2006, PG, 91 min. Directed by Gil Kenan. Voices by Steve Buscemi, Michael Musso, Nick Cannon, Maggie Gyllenhaal, Jon Heder, Kevin James, Jason Lee, Sam Lerner, Spencer Locke, Catherine O'Hara, Fred Willard.
REVIEWED By Marc Savlov, Fri., July 21, 2006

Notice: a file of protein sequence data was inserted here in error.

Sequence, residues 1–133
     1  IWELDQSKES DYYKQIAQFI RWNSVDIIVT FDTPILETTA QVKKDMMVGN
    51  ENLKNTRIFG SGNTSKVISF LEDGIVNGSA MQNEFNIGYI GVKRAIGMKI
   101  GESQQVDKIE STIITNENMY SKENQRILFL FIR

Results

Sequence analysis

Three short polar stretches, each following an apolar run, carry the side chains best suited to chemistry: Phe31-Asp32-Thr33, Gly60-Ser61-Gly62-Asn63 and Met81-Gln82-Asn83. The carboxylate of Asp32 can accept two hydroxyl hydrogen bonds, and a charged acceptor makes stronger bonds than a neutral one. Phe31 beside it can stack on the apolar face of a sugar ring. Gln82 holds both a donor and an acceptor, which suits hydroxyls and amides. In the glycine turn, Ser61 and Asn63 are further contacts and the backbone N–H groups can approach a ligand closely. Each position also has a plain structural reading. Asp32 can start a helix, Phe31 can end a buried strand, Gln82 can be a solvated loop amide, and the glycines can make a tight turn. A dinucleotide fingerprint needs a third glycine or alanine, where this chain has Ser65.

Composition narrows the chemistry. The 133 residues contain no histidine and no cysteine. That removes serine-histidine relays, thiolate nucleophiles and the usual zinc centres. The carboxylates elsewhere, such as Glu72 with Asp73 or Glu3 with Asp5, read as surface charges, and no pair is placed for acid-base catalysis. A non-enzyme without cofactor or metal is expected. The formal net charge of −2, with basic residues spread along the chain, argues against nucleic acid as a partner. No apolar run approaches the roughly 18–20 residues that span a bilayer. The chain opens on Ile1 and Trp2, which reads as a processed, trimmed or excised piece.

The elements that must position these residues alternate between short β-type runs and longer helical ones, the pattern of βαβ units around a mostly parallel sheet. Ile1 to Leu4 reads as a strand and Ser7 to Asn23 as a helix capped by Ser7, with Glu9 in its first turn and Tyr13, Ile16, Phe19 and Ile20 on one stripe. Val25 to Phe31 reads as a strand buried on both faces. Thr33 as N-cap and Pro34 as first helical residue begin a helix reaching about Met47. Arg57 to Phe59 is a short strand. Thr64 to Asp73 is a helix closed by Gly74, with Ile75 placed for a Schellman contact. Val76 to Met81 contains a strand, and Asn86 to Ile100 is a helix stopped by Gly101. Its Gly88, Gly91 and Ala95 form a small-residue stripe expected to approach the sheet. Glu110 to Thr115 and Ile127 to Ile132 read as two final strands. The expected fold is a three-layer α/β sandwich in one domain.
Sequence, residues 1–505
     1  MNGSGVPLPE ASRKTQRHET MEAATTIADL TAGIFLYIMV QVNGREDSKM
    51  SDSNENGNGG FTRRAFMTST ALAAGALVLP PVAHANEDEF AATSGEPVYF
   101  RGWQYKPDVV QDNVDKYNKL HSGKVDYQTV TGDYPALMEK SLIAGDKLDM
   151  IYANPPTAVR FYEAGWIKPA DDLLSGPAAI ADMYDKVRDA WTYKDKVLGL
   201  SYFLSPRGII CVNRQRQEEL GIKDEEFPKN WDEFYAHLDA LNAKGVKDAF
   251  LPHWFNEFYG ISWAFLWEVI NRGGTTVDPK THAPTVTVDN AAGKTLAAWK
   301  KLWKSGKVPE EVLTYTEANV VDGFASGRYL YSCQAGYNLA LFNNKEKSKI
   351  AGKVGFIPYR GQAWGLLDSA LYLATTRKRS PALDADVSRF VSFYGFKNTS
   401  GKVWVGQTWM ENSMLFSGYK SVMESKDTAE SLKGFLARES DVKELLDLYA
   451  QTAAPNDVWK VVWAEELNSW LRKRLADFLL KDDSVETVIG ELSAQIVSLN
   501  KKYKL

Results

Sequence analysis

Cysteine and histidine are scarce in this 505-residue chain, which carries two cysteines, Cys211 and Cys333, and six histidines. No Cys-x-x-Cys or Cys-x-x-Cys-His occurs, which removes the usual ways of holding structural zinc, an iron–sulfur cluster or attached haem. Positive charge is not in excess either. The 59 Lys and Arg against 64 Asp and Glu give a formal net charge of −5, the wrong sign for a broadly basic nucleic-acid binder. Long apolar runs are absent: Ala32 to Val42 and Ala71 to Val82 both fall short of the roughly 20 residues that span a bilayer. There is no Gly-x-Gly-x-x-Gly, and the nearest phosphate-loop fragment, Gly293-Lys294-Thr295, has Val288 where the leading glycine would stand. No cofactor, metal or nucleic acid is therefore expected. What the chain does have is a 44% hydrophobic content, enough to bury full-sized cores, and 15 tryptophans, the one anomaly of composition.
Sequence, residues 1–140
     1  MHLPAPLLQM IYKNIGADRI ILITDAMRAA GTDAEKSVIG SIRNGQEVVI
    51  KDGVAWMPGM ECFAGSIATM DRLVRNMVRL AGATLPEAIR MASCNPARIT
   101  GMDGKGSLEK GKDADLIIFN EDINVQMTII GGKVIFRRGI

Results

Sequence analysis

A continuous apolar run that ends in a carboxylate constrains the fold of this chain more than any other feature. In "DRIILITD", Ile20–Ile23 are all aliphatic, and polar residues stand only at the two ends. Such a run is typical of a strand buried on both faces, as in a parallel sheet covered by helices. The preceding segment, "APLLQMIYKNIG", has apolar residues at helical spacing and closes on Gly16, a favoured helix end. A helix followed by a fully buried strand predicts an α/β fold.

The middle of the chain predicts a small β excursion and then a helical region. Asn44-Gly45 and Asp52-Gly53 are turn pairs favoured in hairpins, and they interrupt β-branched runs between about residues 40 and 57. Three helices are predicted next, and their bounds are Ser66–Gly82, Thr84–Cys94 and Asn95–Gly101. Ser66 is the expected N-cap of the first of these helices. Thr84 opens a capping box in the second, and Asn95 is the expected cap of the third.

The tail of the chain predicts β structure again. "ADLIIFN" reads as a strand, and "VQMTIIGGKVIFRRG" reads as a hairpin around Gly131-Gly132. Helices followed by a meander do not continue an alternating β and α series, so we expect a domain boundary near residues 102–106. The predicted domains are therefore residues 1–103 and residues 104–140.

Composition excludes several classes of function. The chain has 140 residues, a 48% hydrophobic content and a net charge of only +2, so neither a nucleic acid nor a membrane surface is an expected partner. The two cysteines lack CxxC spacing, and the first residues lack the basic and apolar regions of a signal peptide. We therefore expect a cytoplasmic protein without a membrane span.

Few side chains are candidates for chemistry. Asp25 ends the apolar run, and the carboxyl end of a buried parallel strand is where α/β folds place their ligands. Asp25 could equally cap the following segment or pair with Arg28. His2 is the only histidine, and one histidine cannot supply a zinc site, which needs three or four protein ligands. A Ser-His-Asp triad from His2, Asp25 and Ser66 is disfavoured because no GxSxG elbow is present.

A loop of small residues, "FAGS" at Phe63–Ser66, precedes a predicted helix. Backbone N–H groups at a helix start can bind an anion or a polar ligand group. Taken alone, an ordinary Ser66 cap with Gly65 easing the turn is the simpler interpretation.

Equal parts Ray Bradbury and rickety carnival spook show, this animated tale of a carnivorous, haunted house and the band of neighborhood kids who decide to put it out of commission feels maddeningly unfinished, as though it were tinkered with in postproduction, rejiggered unnecessarily, and finally let loose during the entirely inappropriate summer months, when, as any kid worth his or her pile of Fangorias (or any adult worth his or her collection of Famous Monsters of Filmland) could tell you, it ought to be arriving on All Hallows Eve. Bad timing aside, the story by Dan Harmon and Rob Schrab (plus Pamela Pettler) – the writing team behind the cult Jack Black/Owen Wilson pilot Heat Vision and Jack – is a wispy thing that, surprisingly, given its Steven Spielberg and Robert Zemeckis producerial pedigree fails to adequately evoke the sheer kidhood magic of the Halloween season. It's set on October 30, sure, but the whole of it never quite jells, and like the old trick-or-treat standby, candy corn, it leaves you wishing for so much more of everything else. After a brilliant opening sequence that references Zemeckis' own Forrest Gump by way of Roald Dahl, we're introduced to DJ (Musso), an ordinary 12-year-old transitioning from being a Halloween fanatic to a teen with precious little time left on his internal gosh-wow, sense-of-wonder clock. Not so his pal Chowder (Lerner), who pines for the kiss of Hershey year-round and still has a firm grasp of what really matters in life, namely steering clear of neighborhood crank Mr. Nebbercracker (Buscemi) while basking in rubber- fright-masked anticipation of the best night of the year. When Nebbercracker suffers a heart attack in the midst of haranguing the trespassing DJ, after which the old man's dilapidated homestead literally attempts to eat the poor kid, the pair join forces with Alpha-girl prepster Jenny (Locke) to combat this architecturally-unsound holiday scourge. Monster House's animation is its best aspect, working up a blood red and purpley color palette that fairly screams "Boo!" at you, but even the genuinely creepy sight of this monstrous manse uprooting itself from its foundation and chasing the trio down the block can't make up for the confused tone of the script, which is seemingly pitched at neither youngsters nor adults but at some indefinable horror-kid within. That said, those who came of age in an era when only hobos and ballerinas were seen trick-or-treating before sunset will still get a charge out of Monster House's retro appeal. Those chaperoned by mom and dad, however, will most likely wonder what all the fuss was about.